SLOVYANSK, Ukraine — Two days after Ukraine’s interim government declared itself all but helpless to control events in the eastern part of the country, Ukrainian military and police forces resumed their effort to retake this rebel-controlled city on Friday, forcing armed separatists from the city’s outskirts with armored vehicles, helicopters, and ground troops — and seemingly pushing ever closer to a confrontation with Moscow.
The assault began before dawn, and by early morning church bells sounded a general alarm. With helicopters flying along the city’s edge, troops and armored personnel carriers approached the city from multiple sides. The fighting was brief and then sporadic, however, and clashes subsided by early afternoon, before resuming at night.
When movements stopped, the Ukrainian troops had advanced, capturing and holding separatist checkpoints and posting infantry and armored vehicles on a bridge overlooking rail lines by the city’s southern border.
Violence also erupted Friday in the previously calmer port city of Odessa, on the Black Sea, where dozens of people died in a fire related to clashes that broke out between protesters holding a march for Ukrainian unity and pro-Russian activists. The fighting left four dead and 12 wounded, Ukraine’s Interior Ministry said. Ukrainian and Russian media showed images of buildings and debris burning, fire bombs being assembled and men armed with pistols.
The deaths expand the increasingly violent struggle for control over Ukraine’s Black Sea port, which had been quiet until last week, when seven people were wounded in a roadside bombing.
The government’s actions in Slovyansk drew an immediate and indignant protest from the Kremlin, which said Ukraine had effectively destroyed a plan negotiated last month with the United States, Russia, Ukraine, and the European Union intended to deescalate tensions.
Blaming the authorities in Kiev, Ukraine’s capital, a spokesman for President Vladimir Putin of Russia, Dmitry Peskov, told Russian news agencies that “the Kiev regime ordered combat aircraft to fire at civilian towns and villages, launching a punitive operation.”
Moscow repeated its warning that it reserved the right to intervene to protect its interests and Russian-leaning residents of eastern Ukraine. But there were no signs of an imminent move across the border.
In Washington, President Obama and Chancellor Angela Merkel of Germany said Friday that broad new economic sanctions would be imposed on Russia if its threat to eastern Ukraine disrupts the country’s presidential elections, scheduled for May 25.
The warning, delivered during a White House news conference, provided for the first time a specific threshold that Russia must not cross if it is to avoid further sanctions from Europe and the United States.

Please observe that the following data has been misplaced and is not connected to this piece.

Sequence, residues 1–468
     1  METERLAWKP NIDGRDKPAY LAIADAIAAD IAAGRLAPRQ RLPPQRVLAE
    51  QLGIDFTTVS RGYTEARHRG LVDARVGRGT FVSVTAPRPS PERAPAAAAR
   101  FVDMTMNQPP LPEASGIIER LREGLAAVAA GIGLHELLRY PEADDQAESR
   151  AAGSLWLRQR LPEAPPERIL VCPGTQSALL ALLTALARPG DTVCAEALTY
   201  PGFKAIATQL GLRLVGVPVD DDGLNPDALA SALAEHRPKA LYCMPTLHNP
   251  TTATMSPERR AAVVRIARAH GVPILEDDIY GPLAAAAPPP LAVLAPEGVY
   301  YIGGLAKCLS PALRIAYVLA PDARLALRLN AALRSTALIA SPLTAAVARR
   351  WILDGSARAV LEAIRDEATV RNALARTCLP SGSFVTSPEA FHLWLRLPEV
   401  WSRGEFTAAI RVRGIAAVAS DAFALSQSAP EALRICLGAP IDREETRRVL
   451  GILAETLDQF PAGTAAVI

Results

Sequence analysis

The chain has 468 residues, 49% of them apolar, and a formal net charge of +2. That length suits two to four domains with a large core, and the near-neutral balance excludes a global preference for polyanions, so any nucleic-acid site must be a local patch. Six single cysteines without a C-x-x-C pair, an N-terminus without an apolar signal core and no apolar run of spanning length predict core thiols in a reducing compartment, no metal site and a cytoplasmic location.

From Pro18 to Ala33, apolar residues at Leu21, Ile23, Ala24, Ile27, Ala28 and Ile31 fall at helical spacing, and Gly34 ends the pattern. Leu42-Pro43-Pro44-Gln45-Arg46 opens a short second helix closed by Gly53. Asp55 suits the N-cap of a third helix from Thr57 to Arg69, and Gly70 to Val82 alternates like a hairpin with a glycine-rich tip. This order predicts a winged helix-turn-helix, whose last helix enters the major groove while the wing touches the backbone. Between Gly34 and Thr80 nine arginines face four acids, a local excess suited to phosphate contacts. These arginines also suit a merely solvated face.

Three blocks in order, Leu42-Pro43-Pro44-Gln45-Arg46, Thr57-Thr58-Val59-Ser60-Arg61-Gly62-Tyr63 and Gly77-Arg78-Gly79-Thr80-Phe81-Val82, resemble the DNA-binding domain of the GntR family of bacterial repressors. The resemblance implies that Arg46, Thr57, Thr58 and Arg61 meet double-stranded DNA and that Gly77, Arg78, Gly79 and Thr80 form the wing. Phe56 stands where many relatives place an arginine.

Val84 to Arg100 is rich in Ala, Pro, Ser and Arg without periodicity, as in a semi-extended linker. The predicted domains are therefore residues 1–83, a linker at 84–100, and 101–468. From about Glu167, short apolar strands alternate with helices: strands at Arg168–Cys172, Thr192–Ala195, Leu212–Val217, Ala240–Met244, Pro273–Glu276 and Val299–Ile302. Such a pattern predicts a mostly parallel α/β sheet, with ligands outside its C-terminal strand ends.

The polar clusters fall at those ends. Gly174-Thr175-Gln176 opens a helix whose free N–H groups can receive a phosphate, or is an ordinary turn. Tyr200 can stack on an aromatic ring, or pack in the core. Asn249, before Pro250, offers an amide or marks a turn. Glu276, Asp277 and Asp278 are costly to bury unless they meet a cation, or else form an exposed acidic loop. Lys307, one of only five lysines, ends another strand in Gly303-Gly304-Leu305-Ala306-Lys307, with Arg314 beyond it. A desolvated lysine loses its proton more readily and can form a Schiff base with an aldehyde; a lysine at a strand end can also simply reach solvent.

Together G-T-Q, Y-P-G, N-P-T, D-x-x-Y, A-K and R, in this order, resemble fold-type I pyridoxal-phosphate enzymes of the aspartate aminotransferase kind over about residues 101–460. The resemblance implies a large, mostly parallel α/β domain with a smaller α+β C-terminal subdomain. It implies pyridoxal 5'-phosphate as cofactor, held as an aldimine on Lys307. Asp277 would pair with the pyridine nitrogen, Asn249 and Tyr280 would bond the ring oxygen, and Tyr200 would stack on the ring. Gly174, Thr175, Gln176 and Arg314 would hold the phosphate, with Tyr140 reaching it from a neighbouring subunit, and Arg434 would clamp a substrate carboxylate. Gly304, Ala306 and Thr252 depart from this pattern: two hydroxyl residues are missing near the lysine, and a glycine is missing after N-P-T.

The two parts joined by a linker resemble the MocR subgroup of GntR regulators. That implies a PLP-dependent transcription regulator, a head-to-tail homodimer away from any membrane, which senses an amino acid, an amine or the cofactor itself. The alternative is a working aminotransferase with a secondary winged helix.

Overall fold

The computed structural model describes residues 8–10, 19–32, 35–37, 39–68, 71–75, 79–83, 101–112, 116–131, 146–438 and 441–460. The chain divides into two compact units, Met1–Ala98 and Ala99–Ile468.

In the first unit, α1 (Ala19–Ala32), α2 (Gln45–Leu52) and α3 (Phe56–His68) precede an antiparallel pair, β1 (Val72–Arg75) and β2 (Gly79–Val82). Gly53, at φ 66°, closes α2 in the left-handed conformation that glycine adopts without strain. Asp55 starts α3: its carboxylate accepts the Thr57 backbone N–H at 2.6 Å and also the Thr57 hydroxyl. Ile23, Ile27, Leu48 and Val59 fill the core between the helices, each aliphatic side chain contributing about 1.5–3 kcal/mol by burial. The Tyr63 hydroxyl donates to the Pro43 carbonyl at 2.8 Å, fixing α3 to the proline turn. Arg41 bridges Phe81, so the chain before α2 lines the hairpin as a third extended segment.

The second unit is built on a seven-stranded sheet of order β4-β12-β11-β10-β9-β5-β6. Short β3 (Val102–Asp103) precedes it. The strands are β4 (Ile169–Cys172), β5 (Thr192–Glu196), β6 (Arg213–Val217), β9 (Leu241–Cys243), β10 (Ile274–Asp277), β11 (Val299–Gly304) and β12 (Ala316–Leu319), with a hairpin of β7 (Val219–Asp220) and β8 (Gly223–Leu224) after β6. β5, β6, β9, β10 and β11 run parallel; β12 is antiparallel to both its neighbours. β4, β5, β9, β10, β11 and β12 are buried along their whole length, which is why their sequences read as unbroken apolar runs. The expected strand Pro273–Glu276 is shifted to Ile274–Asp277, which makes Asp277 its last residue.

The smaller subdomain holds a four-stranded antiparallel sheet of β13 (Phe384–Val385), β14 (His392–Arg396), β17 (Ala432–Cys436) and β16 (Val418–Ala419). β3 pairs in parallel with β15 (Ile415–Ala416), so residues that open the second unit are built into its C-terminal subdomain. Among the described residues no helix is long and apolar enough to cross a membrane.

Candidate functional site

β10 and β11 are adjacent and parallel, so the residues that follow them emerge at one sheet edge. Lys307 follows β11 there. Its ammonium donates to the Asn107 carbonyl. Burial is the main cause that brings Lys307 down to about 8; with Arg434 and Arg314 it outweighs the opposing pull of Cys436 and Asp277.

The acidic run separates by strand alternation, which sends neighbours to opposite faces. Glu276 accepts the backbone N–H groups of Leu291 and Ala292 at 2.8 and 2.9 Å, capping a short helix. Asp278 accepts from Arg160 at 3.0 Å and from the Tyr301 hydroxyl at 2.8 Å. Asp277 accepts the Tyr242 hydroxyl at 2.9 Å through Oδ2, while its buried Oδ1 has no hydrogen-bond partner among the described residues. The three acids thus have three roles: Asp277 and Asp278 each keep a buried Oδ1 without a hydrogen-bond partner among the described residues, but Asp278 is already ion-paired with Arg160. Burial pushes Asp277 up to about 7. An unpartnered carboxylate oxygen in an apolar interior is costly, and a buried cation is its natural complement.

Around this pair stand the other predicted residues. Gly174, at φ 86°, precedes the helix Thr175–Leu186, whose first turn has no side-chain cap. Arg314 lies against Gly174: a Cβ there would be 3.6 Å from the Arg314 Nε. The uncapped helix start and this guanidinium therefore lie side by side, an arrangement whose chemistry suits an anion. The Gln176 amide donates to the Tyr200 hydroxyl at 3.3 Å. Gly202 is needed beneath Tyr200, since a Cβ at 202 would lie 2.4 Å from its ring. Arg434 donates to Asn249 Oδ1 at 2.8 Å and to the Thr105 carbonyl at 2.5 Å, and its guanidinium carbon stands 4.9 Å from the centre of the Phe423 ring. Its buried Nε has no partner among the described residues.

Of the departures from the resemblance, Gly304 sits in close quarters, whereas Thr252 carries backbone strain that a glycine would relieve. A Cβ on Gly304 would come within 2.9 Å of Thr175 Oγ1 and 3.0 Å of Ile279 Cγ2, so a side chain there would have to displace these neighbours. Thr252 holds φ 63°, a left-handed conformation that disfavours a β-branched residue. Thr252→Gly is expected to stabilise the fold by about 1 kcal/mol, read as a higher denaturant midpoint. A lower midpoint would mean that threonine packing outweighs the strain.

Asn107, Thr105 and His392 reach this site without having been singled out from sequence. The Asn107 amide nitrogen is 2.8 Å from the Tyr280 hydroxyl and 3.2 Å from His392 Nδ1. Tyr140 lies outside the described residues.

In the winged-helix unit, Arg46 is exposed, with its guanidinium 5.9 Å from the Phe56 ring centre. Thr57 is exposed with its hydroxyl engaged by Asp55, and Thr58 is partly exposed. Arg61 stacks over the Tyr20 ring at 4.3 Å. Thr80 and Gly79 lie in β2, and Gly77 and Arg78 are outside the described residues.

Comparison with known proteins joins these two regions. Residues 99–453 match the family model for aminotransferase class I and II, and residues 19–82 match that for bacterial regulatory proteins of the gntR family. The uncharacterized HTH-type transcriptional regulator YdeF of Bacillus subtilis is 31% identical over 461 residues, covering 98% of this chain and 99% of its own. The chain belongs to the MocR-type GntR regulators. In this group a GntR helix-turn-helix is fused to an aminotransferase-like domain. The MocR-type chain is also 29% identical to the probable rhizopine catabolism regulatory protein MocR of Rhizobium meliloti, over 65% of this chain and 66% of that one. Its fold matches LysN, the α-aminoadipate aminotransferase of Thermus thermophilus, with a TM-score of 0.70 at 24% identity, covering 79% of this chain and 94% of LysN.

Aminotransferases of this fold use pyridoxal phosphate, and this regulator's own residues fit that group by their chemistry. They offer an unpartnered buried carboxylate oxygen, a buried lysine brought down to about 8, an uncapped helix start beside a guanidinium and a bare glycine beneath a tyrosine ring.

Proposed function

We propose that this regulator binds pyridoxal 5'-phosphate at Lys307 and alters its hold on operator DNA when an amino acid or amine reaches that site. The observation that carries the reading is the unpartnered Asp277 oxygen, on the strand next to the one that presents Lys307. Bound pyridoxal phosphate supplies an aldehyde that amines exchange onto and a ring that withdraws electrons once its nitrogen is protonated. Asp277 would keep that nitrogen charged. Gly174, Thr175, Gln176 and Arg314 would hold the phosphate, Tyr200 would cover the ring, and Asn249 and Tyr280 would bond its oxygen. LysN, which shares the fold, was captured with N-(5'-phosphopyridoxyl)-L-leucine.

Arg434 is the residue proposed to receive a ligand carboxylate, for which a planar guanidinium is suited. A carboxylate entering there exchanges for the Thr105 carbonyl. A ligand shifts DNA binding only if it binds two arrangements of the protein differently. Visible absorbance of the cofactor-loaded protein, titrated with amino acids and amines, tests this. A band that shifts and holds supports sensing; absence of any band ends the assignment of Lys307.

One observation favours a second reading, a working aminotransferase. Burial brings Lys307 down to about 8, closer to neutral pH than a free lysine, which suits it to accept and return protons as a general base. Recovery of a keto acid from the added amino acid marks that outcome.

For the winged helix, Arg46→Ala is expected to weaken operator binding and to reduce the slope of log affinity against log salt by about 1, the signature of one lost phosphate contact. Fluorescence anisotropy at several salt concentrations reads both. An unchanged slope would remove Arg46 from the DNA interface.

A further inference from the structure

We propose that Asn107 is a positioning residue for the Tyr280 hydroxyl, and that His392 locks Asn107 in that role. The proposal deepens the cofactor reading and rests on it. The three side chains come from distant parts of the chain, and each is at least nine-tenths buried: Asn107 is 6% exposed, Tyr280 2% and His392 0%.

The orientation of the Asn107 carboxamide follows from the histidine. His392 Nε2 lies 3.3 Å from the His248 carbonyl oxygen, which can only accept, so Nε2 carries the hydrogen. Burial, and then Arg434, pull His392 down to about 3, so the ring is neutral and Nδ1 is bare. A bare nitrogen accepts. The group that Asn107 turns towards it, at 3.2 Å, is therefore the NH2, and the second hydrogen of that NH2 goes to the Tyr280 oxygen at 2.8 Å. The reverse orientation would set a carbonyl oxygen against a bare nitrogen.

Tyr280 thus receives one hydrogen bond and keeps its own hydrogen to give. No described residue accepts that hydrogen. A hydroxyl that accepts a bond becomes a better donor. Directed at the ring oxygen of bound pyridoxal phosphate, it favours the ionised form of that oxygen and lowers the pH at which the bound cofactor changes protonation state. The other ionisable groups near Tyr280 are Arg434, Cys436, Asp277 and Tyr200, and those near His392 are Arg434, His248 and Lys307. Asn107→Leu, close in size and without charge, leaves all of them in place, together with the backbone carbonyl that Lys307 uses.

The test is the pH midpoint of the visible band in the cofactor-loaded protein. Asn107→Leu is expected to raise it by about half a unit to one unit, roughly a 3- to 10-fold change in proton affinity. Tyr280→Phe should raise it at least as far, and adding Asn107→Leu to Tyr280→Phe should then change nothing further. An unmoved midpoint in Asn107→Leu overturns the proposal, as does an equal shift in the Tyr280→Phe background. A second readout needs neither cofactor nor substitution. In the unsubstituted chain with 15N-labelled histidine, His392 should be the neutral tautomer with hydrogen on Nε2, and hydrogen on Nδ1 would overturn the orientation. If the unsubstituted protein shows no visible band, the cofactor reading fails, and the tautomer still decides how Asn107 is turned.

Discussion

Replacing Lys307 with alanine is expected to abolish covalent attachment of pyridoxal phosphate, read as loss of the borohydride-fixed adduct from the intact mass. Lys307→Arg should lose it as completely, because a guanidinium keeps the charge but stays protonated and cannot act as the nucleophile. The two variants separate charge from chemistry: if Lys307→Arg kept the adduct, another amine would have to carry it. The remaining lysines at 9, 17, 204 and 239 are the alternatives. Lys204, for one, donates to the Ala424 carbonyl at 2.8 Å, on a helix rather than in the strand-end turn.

Those measures could include sanctions against Russia’s lifeblood energy sector, banking system and mining industries, moves that would hurt Europe primarily but also ripple through the US economy.
For weeks, the Obama administration has declined to specify what, short of a Russian invasion of eastern Ukraine, would trigger the most severe sanctions to date in response to Putin’s seizure of Crimea and support for the pro-Russian militias in eastern Ukraine.
Obama and Merkel expressed reluctance to carry out the threat, a reflection of the deep European uncertainty over the costs of doing so.
Russia’s UN ambassador, Vitaly Churkin, speaking in New York, described Ukrainian military operations as “punitive” and said there were English-speaking foreigners among what he called “ultranationalist groups” in Slovyansk.
He accused his Western rivals of double standards, noting that while they had called on Ukraine’s former president, Viktor Yanukovych, to exercise restraint, they condoned the use of force by the current leaders in Kiev.
The US ambassador, Samantha Power, accused Russia of spreading lies and described Ukraine’s reaction to Russian provocation as “reasonable.”
“The Ukrainian people and government have embarked on an effort today to reclaim one city in the eastern part of their country,” she said. “Their response is reasonable, it is proportional, and frankly it is what any one of our countries would have done in the face of this threat.”
The Ukrainian army units in Slovyansk did not seem eager to engage the militants fully and appeared to limit their activities for the day to tightening a cordon around the militant stronghold. The city’s center remained under the control of anti-government militias.
“They are coming at us from all sides,” said one fighter in camouflage and sneakers, who gave his name as Sergei, and who held a Kalashnikov assault rifle and said he was a veteran of the Soviet Army.